BY BRANDON DIMAPASOC
The immigration debate is centered on the national stage once again, with California in the spotlight. From Feb. 25 to Feb. 28, U.S. Immigration and Customs Enforcement, also known as ICE, detained 232 people in enforcement raids across Northern California. What differed from this round of raids compared to other raids was an alert issued by Oakland Mayor Libby Schaaf warning residents before the ICE operations. Acting ICE director Thomas D. Homan swiftly condemned Mayor Schaaf’s actions, claiming that she enabled an estimated 800 “criminal aliens” to evade arrest. Mayor Schaaf claims she had a “moral obligation” to warn residents of the raids, and most legal experts agree that Mayor Schaaf cannot be prosecuted for obstruction. This preemptive warning marks further escalation in the increasingly heated relationship between the state of California and federal immigration officials. Senate Bill 54, more commonly referred to as the “sanctuary state” bill, became law at the start of the new year and limits “who state and local law enforcement agencies can hold, question and transfer at the request of federal immigration authorities.” The City of Oakland goes even further, prohibiting the Oakland Police Department from providing any assistance to federal immigration officials, preventing them from even blocking off a street for ICE criminal investigations. Mayor Schaaf’s alert escalated this tension further, suggesting that the city will not only refuse to cooperate with federal immigration officials, but it will also try to actively thwart ICE efforts to detain immigrants.
This level of resistance to federal law enforcement is unprecedented and has raised constitutional questions. The federal government seems ready to now strike back. On March 6, the U.S. Department of Justice filed a lawsuit against the state of California seeking to strike down three “sanctuary state” laws, including Senate Bill 54. However, it is ironic that the federal government has the time to sue California, yet has failed to resolve more pressing issues in the nation’s immigration system. What is more urgent and unjust in this situation is the lack of action from Congress in resolving the status of Deferred Action for Childhood Arrivals program beneficiaries, also known as DREAMers, as well as the 11.3 million people who immigrated to this country illegally. President Donald Trump set March 5 as the end of the DACA program and as the deadline for Congress to provide these immigrants a more permanent status. However, multiple federal courts ruled that all existing DACA permits must be renewed, and the Supreme Court refused to hear an appeal to the case on Feb. 28. The deadline for action has come and gone, yet Congress has failed to act in any way.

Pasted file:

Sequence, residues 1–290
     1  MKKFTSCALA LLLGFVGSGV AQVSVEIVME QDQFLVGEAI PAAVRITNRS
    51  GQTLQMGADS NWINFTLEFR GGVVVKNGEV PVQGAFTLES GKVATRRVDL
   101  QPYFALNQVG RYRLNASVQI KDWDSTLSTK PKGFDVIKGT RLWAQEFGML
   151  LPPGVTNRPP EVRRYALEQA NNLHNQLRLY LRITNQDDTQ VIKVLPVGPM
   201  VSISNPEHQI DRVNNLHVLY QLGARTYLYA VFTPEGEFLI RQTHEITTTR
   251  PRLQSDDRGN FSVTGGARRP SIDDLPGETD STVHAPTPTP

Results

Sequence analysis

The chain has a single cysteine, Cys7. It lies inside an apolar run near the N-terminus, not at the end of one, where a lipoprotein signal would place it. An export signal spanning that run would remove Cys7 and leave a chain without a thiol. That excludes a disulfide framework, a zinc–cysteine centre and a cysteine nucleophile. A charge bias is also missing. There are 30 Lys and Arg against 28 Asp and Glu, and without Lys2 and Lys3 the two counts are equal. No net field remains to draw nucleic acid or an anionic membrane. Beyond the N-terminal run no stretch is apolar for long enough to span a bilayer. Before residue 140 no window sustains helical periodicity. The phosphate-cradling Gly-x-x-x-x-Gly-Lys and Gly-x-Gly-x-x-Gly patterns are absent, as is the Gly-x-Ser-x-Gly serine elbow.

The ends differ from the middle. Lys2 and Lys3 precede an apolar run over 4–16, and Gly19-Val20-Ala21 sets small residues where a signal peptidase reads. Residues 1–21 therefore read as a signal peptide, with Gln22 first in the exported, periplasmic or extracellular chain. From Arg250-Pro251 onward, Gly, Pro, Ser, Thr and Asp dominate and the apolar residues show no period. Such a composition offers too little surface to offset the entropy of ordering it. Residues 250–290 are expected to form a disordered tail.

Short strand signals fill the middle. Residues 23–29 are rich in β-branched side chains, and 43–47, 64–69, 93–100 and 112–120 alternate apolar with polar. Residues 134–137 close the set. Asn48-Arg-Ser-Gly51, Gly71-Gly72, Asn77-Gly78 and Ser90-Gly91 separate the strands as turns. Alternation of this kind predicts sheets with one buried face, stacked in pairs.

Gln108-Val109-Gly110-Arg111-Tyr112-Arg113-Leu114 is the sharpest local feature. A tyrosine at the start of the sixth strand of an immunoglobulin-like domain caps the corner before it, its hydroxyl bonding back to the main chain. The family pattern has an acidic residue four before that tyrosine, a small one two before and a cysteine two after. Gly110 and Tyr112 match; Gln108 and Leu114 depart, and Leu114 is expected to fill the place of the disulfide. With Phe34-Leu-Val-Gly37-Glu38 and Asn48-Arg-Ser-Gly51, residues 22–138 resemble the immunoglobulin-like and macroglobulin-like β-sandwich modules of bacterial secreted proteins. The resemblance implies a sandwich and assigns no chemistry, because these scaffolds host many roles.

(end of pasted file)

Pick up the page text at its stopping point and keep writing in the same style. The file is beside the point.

Any legislation trying to resolve this immigration problem should demonstrate both sympathy and compassion for the people who are living in this country illegally. While some of these immigrants have prior criminal convictions and should be arrested and deported, including 115 of the 232 detained in the Bay Area raids, most simply came to this country seeking a better life for themselves and their families. 800,000 people are beneficiaries of the DACA program, although it is estimated that up to 3.6 million individuals in this country were brought to this country illegally as children and have no criminal histories. It would not only be impractical and costly to send all these immigrants back to their countries of origin, as each deportation conducted by ICE costs $10,854, but it would also be a grave moral mistake. It is up to Congress to ensure these immigrants can and will have a place in this country. Until then, thousands of immigrants will be left in a state of limbo, with the fear of being deported looming over them. Until Congress finally acts, is is up to local and state leaders to continue to refuse to assist federal immigration officials, in accordance of what they rightfully feel is their moral duty to protect these nonviolent immigrants simply hoping for the opportunity to improve their lives in this country. This country is a nation of immigrants, built on the idea of opportunity for all who come here; we should demand that every level of government act in accordance with that most basic principle.